YOUNGSTOWN Landlord's troubles leave students in dark

Students received instructions on how to get their gas and electric service back.
YOUNGSTOWN -- Warm beer and cold showers, certainly the bane of college students everywhere.
That's what some Youngstown State University students who live off campus have been enduring the past couple weeks.
Besides bad beer and showers, they've been stumbling in the dark, waking up late because the alarm clock doesn't work and eating somewhere other than their homes.
All the problems are because their landlord is filing for bankruptcy protection and hasn't paid some gas or electric bills.
Monday, Mayor George M. McKelvey arranged to get the students who need it help navigating the mess.
He was joined by Northeast Ohio Legal Services, which is helping one group of students and volunteering to assist others.
Met with students: At least 20 students -- including a half-dozen female soccer players still in cleats and shin guards -- and McKelvey gathered on the porch of a Pennsylvania Avenue home. He brought a city lawyer and gas and electric company representatives with him.
The officials told the students what they must do to get their utilities back. They assured the students, whose rent also was to cover utilities, that gas and electric will be back on shortly and that none will have to move.
"Through communication we'll solve this problem," McKelvey said.
The saga started a couple weeks ago, when utilities were shut off to several North Side properties.
The owner, Shawn D. Lustig of Warren, is filing for bankruptcy protection, said Patricia Dougan, a lawyer with Northeast Ohio Legal Services who is representing students.
Lustig could not be reached for comment.
From records: Mahoning County property records show the landlord owns nine North Side addresses near the university. Seven of them -- six on Pennsylvania and one on Michigan Avenue -- show delinquent taxes. The landlord also is behind on city water payments, but that service won't be shut off, McKelvey said.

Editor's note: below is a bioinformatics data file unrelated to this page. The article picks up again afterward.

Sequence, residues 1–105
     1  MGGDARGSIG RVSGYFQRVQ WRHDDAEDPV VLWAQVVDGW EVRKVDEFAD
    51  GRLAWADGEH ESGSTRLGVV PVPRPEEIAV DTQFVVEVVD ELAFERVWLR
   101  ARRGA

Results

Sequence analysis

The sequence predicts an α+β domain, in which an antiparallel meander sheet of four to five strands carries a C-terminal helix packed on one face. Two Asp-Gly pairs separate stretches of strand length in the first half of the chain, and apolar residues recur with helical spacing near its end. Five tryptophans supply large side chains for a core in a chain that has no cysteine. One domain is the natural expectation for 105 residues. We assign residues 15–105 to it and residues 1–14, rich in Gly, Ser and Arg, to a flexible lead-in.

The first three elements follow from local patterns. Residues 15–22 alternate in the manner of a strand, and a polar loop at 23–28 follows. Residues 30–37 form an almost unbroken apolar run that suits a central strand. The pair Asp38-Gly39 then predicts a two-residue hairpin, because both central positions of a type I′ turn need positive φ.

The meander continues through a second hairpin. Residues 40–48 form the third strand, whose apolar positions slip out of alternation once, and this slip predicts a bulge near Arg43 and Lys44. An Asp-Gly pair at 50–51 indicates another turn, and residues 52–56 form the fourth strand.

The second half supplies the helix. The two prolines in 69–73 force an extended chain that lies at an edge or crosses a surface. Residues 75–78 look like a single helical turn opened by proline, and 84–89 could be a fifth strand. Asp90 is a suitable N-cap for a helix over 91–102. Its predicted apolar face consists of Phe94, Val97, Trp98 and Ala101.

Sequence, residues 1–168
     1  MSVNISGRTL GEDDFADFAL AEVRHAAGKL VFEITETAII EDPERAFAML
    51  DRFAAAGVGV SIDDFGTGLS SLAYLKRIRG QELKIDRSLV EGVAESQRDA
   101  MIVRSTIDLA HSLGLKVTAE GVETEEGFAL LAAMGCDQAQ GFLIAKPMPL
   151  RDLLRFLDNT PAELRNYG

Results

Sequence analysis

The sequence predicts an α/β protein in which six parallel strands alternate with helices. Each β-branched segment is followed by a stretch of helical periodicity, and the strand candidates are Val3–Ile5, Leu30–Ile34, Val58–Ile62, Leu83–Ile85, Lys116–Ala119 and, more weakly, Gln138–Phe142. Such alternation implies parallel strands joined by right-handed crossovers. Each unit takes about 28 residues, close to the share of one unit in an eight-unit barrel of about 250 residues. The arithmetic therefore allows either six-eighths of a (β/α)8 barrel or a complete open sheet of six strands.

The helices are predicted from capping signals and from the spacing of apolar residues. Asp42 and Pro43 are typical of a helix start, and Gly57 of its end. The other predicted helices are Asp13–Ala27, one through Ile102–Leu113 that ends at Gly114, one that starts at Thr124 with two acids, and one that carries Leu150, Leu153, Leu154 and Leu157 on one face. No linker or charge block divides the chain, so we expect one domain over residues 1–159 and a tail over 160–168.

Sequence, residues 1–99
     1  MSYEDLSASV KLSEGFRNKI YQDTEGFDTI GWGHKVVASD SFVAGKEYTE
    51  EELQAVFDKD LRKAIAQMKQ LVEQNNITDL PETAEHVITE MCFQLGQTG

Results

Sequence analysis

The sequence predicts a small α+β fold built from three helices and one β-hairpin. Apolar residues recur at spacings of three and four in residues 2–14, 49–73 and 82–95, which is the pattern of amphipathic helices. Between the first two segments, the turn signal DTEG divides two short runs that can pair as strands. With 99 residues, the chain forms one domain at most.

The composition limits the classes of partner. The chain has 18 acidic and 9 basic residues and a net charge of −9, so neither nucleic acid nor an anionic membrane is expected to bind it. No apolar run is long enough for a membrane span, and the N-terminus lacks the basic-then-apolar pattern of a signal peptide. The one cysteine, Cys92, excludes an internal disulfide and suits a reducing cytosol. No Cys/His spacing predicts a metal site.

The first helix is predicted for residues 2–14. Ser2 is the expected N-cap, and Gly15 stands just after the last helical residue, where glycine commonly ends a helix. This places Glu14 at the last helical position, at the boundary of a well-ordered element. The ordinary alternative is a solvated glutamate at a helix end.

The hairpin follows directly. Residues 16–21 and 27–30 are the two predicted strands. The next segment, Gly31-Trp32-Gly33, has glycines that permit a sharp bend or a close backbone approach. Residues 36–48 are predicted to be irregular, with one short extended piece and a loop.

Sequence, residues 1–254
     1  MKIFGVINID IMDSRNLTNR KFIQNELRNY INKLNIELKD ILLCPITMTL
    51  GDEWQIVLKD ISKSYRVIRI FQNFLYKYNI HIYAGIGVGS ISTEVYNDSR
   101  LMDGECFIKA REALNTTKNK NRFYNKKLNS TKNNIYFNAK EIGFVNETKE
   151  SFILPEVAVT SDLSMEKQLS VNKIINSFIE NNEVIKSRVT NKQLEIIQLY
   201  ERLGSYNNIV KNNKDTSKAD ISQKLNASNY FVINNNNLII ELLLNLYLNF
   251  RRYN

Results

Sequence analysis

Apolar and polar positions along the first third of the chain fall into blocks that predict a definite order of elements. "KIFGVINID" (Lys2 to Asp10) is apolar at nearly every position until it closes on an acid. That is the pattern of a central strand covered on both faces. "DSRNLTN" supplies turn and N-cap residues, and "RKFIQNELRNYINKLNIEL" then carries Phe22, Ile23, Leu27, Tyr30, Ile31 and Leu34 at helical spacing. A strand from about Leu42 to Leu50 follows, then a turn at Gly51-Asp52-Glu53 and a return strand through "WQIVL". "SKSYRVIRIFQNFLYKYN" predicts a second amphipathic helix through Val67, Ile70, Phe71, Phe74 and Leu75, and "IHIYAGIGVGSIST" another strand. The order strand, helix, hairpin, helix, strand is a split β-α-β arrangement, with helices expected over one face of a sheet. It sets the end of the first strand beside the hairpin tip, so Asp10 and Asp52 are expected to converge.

"The students should not be punished," he said.
Dougan explained that students should use monthly rent money to get the utilities turned back on and to pay current bills. Any rent money left should be sent to city municipal court, which will hold the payments in escrow during the bankruptcy proceedings.
Once a bankruptcy trustee is named, that person will decide what happens to the property.
Students who already pay their own utilities should simply pay their rent to municipal court to hold, Dougan said.
The goal is to keep the students housed for the next couple months while the mess is sorted out, McKelvey said. That will give them time to find another place to live or to work out another arrangement with whoever ends up managing the properties.
The city isn't involved with the property, so the effort comes under the heading of constituent service, McKelvey said. The students called his office seeking help, and he said he'd do what he could.
"They don't know where to turn," McKelvey said. "I'm not going to turn a deaf ear to them. I'm going to help them."
Students said they appreciated the effort, but certainly not the living conditions.
"It's a pain," said Duane Delahunt, 24, of Canfield. He slipped and fell in the dark one night because there were no lights.
"We've learned to appreciate hot water," said Keith Miller, 22, also of Canfield.

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